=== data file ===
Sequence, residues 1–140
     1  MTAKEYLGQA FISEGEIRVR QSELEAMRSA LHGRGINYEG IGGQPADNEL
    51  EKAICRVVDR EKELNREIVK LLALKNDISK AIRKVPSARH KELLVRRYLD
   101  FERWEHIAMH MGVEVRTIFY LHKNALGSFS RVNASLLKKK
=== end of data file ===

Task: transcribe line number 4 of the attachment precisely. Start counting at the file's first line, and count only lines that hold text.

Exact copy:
   101  FERWEHIAMH MGVEVRTIFY LHKNALGSFS RVNASLLKKK